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H&K's handling sets a troubling standard

By ROBERT TRIGAUX
Published March 30, 2005


The firm is committed to fostering a collegial work environment in which all individuals are treated with dignity and respect. - from Holland & Knight's policy prohibiting sexual harassment.

I do not recall asking her to "feel my pipes' numerous times or even asking her to do so at all, but I may have done so because I've done it before. - from the April 15, 2004, statement of Doug Wright, the No. 3 partner at Holland & Knight in Tampa.

A former college football player with a frat-boy personality offensive to more than a few female attorneys has nevertheless climbed the corporate ladder and this month became the chief operating partner of the prominent Holland & Knight law firm in Tampa.

Douglas A. Wright, 44, is a successful lawyer catering to wealthy and pro sports clients. He is also known for his locker-room humor, a burly physique and a bullying style - intimidating at least to a number of young female lawyers at the firm's Tampa office.

Confidential company documents obtained this week and first reported Tuesday by the St. Petersburg Times reveal Wright was the subject last year of an internal Holland & Knight investigation and a reprimand for violating the firm's sexual harassment policy.

The documents, which normally never would see the light of day in a newspaper, offer a glimpse of the behind-closed-doors treatment of sexual harassment complaints and the abuse of power that occurs far too often in U.S. businesses.

The story told by the Holland & Knight documents is shameful. Even if only half of the allegations are true, here is a major U.S. law firm with a blind eye to a good ol' boy way of doing things. Young female lawyers, some on their very first jobs, are tyrannized by an older, bigger, richer and more powerful male lawyer who can make or break a career.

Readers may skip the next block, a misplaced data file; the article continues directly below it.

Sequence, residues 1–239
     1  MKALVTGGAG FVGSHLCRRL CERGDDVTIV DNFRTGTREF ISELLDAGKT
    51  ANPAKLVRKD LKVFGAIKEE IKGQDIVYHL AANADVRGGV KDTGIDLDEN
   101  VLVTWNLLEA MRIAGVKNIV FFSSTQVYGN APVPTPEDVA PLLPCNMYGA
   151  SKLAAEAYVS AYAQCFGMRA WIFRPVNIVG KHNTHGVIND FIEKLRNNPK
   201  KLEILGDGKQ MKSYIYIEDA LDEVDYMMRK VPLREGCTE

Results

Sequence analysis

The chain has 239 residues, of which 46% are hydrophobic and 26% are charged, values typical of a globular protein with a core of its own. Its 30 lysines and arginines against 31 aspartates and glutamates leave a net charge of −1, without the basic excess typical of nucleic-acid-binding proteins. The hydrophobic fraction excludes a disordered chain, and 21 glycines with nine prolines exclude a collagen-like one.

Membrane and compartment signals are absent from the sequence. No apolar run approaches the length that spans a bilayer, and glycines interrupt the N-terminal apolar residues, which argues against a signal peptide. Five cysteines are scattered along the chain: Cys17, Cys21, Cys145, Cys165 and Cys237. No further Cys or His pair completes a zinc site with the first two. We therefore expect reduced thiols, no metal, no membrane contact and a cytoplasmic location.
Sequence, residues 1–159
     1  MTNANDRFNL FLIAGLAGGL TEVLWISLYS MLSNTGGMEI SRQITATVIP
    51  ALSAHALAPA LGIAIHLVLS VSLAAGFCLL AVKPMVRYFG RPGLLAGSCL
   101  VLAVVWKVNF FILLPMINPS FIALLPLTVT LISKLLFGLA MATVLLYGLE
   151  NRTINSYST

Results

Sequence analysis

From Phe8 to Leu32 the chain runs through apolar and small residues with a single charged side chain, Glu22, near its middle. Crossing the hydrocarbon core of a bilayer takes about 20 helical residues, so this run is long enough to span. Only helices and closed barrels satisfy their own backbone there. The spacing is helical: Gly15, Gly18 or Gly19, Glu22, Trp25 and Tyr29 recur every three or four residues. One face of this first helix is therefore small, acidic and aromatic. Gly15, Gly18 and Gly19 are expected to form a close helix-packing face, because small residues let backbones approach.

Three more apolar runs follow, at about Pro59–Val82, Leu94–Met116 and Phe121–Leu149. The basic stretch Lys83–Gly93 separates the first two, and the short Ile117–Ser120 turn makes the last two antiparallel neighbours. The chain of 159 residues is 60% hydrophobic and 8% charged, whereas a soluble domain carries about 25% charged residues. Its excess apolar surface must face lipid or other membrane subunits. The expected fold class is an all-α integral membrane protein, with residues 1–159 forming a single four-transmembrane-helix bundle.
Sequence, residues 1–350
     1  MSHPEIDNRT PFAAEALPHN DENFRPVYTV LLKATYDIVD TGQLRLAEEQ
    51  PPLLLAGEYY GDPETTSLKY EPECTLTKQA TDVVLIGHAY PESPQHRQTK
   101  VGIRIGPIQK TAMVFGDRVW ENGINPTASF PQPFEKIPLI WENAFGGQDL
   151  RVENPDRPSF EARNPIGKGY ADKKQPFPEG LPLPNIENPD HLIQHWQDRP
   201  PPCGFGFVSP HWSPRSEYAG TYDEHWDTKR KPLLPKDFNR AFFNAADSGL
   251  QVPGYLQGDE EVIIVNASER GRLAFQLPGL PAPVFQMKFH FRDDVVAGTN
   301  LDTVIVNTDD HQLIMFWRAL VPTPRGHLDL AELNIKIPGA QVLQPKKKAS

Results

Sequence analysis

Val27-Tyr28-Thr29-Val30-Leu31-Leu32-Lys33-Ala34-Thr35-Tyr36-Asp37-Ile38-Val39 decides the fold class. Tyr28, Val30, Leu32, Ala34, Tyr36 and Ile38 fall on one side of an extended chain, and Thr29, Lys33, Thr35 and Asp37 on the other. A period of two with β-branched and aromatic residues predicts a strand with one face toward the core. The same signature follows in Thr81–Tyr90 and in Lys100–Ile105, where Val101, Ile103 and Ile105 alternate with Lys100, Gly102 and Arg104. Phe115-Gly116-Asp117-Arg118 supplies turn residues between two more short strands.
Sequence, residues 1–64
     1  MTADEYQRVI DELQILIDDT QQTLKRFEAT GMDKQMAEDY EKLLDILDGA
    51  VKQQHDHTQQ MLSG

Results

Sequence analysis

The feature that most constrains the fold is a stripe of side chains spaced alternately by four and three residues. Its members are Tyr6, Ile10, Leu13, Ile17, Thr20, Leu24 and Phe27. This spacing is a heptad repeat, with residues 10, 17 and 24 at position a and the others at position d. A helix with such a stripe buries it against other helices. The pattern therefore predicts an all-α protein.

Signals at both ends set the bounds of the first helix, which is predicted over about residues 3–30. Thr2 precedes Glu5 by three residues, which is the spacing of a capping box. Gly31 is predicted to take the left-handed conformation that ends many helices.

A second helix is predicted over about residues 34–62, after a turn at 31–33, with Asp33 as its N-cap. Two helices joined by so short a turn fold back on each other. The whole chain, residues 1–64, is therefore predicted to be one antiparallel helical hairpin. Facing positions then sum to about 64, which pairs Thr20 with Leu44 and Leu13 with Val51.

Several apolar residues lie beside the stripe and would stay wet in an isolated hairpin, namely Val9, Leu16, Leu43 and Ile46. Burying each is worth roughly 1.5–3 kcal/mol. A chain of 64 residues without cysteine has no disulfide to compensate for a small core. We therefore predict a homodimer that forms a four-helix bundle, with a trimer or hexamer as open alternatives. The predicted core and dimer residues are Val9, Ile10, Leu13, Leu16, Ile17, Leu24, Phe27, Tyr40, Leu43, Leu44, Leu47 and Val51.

It's doubly disturbing because the same female lawyers who should be praised for standing up to Wright - and whose names are now public - may very well end up branded as troublemakers by the close-knit legal world.

Since 2000, the Equal Employment Opportunity Commission has investigated and attempted to resolve more than 25,000 sexual discrimination claims each year. In this Holland & Knight case, the female associates apparently never took their claims to the EEOC.

An estimated 90 percent of sexual harassment victims decide the cost of fighting back would be higher than giving in or getting out, says Catharine A. MacKinnon, professor of law at the University of Michigan and author of the recently published book Women's Lives, Men's Laws.

"This is a common set of affairs, including these confidentiality agreements," MacKinnon said Tuesday. "Often, if women are to get any relief from sexual harassment, they are silenced in the process."

What is most disturbing in this Holland & Knight tale is that Wright was promoted this month to chief operating partner, the No. 3 position of power, at Holland & Knight. The firm once headed by former managing partner Bill McBride is not just a major Tampa Bay law firm or simply the No. 2 firm in the state. It ranks among the 15 largest law firms in the world and - ironically, it seems today - has long touted its social awareness and advocacy of women's issues.